Here is some basic terminology of quilting:
Blocks: Blocks are the uniformly square pieces of cloth that can be unadorned or decorated using a variety of sewing techniques and other pieces of cloth. Several blocks are pieced together, usually by sewing machine, to form a quilt top.
Quilt Top: Big queen-sized quilts are ever popular, and it can take as many as 20 or more blocks pieced together to create the proper size quilt top. A quilt top looks like a big sheet and has no stitching on it other than the seams that piece the blocks together.
Sandwiching: Sandwiching is the assembly of the various layers of a quilt: the top; the middle, made of cotton or poly-fill batting; and the back, which is usually a cotton fabric. Some quilting guilds have basting frames, upon which they can stretch the quilt taut, with cotton batting and backing. The layers are then basted together with long stitches every few inches to keep the fabric from shifting. Other quilters simply lay the layers of material on the floor, stretch them tight and tape them to the floor before making their basting stitches.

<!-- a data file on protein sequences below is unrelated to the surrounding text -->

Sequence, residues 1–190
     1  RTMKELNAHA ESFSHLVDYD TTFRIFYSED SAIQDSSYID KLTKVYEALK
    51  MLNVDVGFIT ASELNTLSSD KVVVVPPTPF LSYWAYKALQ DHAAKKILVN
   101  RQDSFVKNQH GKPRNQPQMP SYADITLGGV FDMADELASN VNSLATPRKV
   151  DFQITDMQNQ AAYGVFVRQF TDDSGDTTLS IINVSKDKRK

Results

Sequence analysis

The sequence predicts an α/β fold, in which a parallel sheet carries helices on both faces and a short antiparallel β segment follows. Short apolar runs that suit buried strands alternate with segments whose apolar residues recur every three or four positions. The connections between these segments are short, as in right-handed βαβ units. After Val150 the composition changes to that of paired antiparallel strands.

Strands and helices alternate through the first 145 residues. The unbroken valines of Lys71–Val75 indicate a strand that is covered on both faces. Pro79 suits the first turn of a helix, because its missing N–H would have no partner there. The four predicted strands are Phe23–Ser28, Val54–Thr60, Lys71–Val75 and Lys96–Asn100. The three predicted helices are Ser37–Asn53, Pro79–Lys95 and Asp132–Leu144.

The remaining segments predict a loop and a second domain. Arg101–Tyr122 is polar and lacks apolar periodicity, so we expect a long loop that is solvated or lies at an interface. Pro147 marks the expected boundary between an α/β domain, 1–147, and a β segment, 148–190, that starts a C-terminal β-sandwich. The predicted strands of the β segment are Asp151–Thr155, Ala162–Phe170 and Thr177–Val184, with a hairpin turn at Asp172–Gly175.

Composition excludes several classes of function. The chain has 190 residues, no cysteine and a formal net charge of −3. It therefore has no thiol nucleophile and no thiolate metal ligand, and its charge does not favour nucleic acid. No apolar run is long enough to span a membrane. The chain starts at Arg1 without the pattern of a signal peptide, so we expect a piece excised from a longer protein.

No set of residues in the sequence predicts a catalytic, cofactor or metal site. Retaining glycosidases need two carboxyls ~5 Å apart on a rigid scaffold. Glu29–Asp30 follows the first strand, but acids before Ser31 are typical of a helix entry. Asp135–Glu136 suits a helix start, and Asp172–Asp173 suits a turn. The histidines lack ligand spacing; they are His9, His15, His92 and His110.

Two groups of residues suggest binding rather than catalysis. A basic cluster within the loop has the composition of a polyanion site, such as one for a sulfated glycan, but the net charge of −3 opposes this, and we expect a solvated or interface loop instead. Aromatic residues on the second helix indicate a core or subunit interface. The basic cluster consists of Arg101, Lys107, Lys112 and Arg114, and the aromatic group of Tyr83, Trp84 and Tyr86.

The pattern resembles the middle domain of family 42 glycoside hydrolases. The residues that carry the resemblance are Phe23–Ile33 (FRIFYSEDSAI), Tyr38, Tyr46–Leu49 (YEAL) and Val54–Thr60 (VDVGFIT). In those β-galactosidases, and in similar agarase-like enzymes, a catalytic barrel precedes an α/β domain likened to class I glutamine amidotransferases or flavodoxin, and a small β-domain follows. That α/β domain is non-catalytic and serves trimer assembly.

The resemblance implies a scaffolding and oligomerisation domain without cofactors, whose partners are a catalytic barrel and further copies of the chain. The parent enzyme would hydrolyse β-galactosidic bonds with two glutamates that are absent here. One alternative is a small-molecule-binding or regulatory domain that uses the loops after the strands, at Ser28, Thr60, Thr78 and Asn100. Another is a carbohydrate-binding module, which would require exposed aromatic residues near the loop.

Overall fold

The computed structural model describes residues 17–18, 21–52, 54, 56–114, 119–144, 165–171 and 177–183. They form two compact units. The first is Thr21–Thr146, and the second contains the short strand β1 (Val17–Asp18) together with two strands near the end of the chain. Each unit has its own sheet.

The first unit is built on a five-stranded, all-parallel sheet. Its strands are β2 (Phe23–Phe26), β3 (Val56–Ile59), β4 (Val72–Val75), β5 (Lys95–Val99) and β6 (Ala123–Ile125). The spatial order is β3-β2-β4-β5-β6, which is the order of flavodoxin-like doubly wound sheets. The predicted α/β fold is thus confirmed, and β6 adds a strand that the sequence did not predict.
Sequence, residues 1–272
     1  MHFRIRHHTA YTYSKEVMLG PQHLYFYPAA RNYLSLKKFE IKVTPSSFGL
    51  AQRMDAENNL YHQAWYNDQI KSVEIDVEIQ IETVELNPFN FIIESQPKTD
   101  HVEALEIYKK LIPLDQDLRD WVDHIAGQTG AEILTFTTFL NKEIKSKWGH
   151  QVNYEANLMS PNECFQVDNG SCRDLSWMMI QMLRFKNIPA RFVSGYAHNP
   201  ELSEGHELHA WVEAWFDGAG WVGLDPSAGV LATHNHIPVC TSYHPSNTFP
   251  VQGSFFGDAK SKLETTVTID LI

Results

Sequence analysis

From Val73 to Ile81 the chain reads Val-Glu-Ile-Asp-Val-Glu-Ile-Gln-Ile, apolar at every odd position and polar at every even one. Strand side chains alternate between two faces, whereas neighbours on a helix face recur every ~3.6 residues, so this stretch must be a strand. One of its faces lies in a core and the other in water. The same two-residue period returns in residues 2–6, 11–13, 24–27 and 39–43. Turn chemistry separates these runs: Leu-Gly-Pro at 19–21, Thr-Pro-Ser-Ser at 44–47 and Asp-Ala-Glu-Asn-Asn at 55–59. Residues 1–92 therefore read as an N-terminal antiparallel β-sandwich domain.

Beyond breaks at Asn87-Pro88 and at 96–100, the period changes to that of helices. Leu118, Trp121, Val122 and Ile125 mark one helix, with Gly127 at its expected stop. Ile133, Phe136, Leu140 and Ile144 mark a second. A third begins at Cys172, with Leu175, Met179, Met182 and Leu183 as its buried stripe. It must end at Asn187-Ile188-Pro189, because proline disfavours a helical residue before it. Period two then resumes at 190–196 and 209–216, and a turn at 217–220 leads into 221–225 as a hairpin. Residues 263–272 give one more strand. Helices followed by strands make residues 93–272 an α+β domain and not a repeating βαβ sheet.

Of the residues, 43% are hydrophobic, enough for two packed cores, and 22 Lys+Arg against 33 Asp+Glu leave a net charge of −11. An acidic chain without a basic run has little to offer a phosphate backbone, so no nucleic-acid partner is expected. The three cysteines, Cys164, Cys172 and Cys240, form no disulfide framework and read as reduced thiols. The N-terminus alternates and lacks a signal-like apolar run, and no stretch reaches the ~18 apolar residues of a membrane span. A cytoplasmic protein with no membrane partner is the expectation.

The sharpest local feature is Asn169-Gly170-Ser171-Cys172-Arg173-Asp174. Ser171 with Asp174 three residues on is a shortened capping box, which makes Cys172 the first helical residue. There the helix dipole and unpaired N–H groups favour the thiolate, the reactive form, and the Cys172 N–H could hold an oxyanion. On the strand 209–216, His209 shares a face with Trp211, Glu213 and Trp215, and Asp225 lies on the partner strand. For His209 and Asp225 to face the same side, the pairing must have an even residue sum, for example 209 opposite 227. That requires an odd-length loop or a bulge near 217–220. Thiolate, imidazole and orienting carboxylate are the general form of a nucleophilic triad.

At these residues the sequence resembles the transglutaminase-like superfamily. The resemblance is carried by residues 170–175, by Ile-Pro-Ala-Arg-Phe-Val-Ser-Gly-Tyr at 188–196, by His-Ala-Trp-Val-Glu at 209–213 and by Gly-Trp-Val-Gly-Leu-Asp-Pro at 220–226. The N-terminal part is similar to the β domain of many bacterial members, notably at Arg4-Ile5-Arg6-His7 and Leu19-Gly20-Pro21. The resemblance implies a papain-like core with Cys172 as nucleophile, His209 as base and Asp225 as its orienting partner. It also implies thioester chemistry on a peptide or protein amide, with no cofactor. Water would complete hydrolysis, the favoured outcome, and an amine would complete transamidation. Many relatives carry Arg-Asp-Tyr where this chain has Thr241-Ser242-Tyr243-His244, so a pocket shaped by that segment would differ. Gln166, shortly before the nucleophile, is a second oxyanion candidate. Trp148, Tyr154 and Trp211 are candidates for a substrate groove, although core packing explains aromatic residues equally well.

Quilting: This is the really time consuming part of the craft. Quilting is the tiny, even, stitching that is done, usually by hand, to hold the layers of batting and fabric together and to give the work a padded look. The intricate stitching adds just as much, if not more, to the design and art of the piece as the scheme of the blocks. Quilters use a variety of frames to keep their work taut and quilt on small sections at a time. To quilt a queen-size comforter could easily take more than a year.